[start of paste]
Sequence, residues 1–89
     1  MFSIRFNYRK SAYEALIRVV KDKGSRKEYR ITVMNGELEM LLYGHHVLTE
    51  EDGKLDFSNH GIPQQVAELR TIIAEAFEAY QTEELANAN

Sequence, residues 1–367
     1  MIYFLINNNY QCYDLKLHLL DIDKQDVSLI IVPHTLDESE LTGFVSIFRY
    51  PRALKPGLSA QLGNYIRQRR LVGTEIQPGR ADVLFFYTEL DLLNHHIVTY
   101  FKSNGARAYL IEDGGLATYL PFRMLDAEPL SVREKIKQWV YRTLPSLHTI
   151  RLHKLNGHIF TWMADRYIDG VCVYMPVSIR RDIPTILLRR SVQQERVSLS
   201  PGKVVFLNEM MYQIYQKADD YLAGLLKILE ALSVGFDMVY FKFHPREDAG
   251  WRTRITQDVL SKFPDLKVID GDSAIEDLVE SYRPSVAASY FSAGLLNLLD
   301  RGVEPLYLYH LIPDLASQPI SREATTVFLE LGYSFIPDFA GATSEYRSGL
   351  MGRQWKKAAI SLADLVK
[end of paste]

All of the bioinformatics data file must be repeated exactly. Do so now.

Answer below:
Sequence, residues 1–89
     1  MFSIRFNYRK SAYEALIRVV KDKGSRKEYR ITVMNGELEM LLYGHHVLTE
    51  EDGKLDFSNH GIPQQVAELR TIIAEAFEAY QTEELANAN

Sequence, residues 1–367
     1  MIYFLINNNY QCYDLKLHLL DIDKQDVSLI IVPHTLDESE LTGFVSIFRY
    51  PRALKPGLSA QLGNYIRQRR LVGTEIQPGR ADVLFFYTEL DLLNHHIVTY
   101  FKSNGARAYL IEDGGLATYL PFRMLDAEPL SVREKIKQWV YRTLPSLHTI
   151  RLHKLNGHIF TWMADRYIDG VCVYMPVSIR RDIPTILLRR SVQQERVSLS
   201  PGKVVFLNEM MYQIYQKADD YLAGLLKILE ALSVGFDMVY FKFHPREDAG
   251  WRTRITQDVL SKFPDLKVID GDSAIEDLVE SYRPSVAASY FSAGLLNLLD
   301  RGVEPLYLYH LIPDLASQPI SREATTVFLE LGYSFIPDFA GATSEYRSGL
   351  MGRQWKKAAI SLADLVK